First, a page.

The largest abbey near Halesworth was Leiston Abbey, of which the ruins
can be seen from the A1122 road between Yoxford and Leiston. It was
originally built on the marshes at Minsmere in 1182, but the area was
so unhealthy that in 1363 the monks got permission to rebuilt the Abbey
further inland. A small part of the original ruin still stands in the
centre of a field, overwhelmed by the sheer size of Sizewell B nuclear
power station which towers above it. To my surprise, although the
outside of the ruin was obviously built of 12th century stonework and
rubble, the inside was cased with thick concrete, a reminder of its use
as a gun emplacement during the Second World War.
The Abbey at Leiston was built for 26 canons (or monks) of the
Premonstratensian Rule, and it was part of the Augustinian Order which
was established at Premontre in France. They were known as the 'white
canons' because of the white habits (robes) they wore. They were not an
enclosed order, but concentrated on parish work and teaching. The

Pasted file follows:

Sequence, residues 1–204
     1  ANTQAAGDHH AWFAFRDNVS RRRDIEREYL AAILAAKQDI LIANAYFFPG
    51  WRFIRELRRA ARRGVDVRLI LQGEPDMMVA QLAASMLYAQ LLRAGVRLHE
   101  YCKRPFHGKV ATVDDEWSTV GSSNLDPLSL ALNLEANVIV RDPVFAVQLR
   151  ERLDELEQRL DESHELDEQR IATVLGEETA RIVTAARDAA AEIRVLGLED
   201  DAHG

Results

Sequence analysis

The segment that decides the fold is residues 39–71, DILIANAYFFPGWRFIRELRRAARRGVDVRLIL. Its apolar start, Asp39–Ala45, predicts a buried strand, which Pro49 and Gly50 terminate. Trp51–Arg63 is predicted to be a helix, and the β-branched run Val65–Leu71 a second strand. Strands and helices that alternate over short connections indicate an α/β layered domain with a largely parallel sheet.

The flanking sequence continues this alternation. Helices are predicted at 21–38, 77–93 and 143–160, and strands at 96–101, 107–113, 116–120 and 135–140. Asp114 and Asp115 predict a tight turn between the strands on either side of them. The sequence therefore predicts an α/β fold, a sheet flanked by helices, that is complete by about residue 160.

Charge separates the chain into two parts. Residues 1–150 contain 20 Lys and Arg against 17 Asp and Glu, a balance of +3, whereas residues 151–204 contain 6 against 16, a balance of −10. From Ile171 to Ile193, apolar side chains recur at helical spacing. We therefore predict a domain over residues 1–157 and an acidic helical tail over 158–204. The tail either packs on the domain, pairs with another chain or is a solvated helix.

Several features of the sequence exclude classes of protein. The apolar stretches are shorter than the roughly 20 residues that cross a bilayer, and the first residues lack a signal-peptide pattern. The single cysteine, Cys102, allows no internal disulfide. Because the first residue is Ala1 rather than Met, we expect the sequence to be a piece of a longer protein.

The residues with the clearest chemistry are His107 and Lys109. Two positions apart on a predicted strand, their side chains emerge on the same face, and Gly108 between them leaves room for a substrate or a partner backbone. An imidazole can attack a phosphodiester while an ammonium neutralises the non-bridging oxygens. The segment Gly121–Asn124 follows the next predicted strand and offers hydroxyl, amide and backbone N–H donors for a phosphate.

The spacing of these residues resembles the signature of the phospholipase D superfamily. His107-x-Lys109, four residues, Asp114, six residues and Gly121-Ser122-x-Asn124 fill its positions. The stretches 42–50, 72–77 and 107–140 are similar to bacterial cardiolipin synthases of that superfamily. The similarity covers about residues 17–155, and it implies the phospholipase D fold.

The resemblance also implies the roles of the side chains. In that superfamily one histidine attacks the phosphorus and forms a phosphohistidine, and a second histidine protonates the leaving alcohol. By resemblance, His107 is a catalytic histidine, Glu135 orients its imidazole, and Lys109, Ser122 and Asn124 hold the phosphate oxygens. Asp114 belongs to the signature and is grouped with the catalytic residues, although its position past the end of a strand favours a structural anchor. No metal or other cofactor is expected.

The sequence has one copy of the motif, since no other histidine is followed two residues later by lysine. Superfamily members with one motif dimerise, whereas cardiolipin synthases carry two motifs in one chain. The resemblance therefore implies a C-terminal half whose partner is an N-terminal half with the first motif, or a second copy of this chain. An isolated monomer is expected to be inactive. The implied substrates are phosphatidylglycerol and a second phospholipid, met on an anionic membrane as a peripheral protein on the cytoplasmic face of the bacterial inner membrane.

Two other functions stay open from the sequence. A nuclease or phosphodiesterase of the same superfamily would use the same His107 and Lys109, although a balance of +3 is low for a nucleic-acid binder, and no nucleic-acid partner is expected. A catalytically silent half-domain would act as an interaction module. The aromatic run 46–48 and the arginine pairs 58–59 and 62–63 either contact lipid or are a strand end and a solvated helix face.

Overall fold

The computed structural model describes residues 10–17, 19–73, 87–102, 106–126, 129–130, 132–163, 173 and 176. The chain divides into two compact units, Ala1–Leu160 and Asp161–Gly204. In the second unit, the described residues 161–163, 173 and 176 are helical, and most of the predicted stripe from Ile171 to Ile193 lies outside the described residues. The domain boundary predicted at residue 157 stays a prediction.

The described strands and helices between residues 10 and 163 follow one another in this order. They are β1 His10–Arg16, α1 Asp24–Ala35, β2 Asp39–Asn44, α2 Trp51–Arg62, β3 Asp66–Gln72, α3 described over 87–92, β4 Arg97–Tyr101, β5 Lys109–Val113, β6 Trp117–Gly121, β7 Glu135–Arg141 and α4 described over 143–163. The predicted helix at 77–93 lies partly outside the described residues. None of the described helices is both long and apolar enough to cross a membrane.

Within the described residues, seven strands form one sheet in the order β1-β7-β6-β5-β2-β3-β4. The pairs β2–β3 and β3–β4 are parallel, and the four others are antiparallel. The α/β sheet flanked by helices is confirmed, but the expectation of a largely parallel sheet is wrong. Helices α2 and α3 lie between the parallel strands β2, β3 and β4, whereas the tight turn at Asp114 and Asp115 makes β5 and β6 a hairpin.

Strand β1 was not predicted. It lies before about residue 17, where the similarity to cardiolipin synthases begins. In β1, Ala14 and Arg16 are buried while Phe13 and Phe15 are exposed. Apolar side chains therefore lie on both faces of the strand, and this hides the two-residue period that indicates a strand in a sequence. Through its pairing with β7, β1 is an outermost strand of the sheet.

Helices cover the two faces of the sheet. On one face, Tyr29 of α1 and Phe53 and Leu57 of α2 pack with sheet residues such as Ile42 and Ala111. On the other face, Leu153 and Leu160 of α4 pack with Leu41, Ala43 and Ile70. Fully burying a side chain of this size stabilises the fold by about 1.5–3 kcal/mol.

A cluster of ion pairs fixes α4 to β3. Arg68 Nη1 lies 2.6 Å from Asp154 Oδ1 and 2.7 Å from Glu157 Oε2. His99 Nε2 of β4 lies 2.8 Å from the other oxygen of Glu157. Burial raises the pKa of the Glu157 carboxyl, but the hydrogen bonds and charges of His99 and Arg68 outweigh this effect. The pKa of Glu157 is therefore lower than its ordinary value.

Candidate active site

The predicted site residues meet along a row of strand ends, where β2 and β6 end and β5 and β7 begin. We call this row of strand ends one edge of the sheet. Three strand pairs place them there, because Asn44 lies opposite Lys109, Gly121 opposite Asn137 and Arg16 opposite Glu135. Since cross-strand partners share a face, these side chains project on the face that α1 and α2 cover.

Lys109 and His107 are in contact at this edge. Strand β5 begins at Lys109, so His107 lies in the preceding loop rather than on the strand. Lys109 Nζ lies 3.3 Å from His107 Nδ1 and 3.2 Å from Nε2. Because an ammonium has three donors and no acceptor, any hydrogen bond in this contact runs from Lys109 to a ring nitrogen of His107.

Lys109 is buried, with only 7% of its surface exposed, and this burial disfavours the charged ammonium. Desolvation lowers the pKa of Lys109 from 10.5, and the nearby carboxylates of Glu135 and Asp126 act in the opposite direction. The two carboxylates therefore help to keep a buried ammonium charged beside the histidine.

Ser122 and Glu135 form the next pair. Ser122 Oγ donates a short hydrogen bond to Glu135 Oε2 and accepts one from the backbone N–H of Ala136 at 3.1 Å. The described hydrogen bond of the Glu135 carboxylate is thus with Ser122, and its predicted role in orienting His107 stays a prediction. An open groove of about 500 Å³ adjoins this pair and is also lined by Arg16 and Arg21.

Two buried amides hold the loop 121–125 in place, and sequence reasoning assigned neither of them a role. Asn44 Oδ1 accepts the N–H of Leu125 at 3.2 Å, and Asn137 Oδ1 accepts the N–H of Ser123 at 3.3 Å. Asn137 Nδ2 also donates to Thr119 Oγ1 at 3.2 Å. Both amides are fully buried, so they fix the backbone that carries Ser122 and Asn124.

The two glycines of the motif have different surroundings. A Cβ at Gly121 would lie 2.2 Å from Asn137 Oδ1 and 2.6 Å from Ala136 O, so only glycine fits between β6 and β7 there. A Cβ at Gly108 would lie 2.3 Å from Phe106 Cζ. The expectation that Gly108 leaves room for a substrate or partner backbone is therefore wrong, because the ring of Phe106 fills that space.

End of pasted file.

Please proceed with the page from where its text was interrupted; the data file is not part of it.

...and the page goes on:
canons were hard- working and efficient farmers, helped by lay-brothers.
The extensive Abbey precinct was originally surrounded by a stone wall
which enclosed a mill, a brew house, a buttery, a malting house, a
cart-shed, granaries, a garden and orchard. The Abbey was suppressed
(closed down) by the Act of Dissolution in 1536 and the building and
ground were given to Charles Brandon, the Earl of Suffolk,
brother-in-law to Henry VIII.
A farmhouse was later built into the south aisle of the Nave in the
Tudor period and the Abbey ruins used as cow-houses, piggeries and
stables. A Georgian style front was added to the farmhouse in the 18th
century, the house was extended in the 1920s when it was used as a
house for religious retreats. The house and grounds were used by the
army in the 2nd World war, and were bequeathed in 1946 to the St.
Edmundsbury Diocese. It is now in the guardianship of English Heritage.